No one is disputing that value of a traded commodity is the result of supply and demand. The question is what creates such high demand for gold.


Discussed at length already.


The face value of gold coins used as money has (up until the link between gold and money was removed) been higher than value of the gold in the coins. The reason for this should be fairly obvious.


Can you cite a source for this? You're lumping an entire planet's history of cultures and monetary systems into the statement that, up until recently, gold has not only had a different value than the coin it was struck into, but that its melt value has always been less than the value the coin represents. I doubt anyone else has ever made that statement.


I think the case that gold gets its value from its historical use as money is fairly convincing. It may not be the the only reason but I suspect it is the main one.


Well, there is the fact that gold was considered valuable long before it was ever used as a currency. The Trojans valued gold in roughly 2700 BC, but it wasn't used as a currency until the Lydians did it 2000 years late in 700 BC. It doesn't make sense that it's use as a currency would make it valuable if it was considered valuable long before its use as a currency.



posted on Dec, 21 2017 @ 02:42 AM
link   
a reply to: Hazardous1408

The values of metals like silver and gold, and rocks like emeralds and diamonds etc, is related to how easily they can be obtained. The rarer an item, particularly one that looks pretty, occurs in nature, the more highly it is valued. This value being entirely a human concept, nature doesn't care. Scojak has already covered the reasons for this above in detail, which I agree with

The origin of banknotes is also nothing nefarious, as you suspect it is. It is simply a more efficient way to trade. You may have two pigs, and require a horse. But I have a horse and no interest at all in acquiring two pigs, see?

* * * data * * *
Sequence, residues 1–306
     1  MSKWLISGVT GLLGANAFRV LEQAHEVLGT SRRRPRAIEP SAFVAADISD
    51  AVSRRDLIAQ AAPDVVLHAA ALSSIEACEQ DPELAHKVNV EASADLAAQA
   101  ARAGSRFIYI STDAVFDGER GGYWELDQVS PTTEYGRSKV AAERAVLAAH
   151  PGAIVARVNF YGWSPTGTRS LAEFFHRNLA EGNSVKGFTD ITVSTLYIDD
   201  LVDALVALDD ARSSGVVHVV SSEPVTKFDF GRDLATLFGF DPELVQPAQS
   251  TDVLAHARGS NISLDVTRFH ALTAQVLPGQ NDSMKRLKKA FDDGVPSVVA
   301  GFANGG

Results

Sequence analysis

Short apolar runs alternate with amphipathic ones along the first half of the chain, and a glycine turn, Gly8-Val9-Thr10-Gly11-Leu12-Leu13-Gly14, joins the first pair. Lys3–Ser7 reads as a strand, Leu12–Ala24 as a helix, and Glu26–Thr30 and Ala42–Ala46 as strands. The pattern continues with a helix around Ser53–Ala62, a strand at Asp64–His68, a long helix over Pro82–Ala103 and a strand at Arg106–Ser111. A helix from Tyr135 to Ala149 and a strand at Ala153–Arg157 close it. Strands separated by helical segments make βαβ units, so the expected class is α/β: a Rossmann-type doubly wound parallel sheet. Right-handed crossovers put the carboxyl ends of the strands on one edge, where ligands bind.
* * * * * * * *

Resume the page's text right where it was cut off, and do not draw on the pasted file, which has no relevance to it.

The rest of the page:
Likewise, it would be very tiring hauling great bags of gold around, in order to pay gold for my horse so I can use the gold for what I may want to buy. That's why, here in the U.K., our money is in Pounds. This originally directly referred to pounds of sterling silver (hence the phrase 'pounds sterling' for our currency. Also, if can obtain any UK banknote, it says right where the sum of money is "I promise to pay the bearer upon demand the sum of" and then the note is £5, £10 etc. It was a promissory note that could be exchanged at the Bank of England for the actual amount in silver. I wonder when that practice was ended, or even if?

I presume all currencies follow the same basic model.

edit on 21-12-2017 by waynos because: (no reason given)



posted on Dec, 21 2017 @ 03:03 AM
link   
a reply to: scojak

I am not completely discounting any of the reasons (except maybe the aliens). I am saying I find then then unsatisfactory or further down the chain.

Take the belief in medical properties. To me the reason why people would belief it has such properties is tied up with it having value (people like to ascribe powers to things if value) rather than a cause of the value.

Same with decorative use, the reason gold has remained more or less immune to changes in fashion is because it's a display of value. It's value makes it desired jewellery rather than its use as jewellery giving it value.

No one is saying gold has no value now or historically other as currency, but rather it's value is far in excess of what we would expect from its actual practical applications.

Of course nominal value of coins was above the metal value, otherwise they wouldn't be used at the nominal value.

The primary uses of gold for the last few thousand years has been as a medium of exchange and a store of value. Its properties and scarcity made it ideal as a currency.

There is no definitive right answer, it is just a matter of opinion. However its use as s currency seems the best explanation to explain its continued high value to me.



posted on Dec, 21 2017 @ 03:19 AM
link   
a reply to: waynos

Scarcity is only half the equation, something can be difficult to obtain but if there is no demand it will have no value. Likewise relatively abundant resources can command a price if there is enough demand.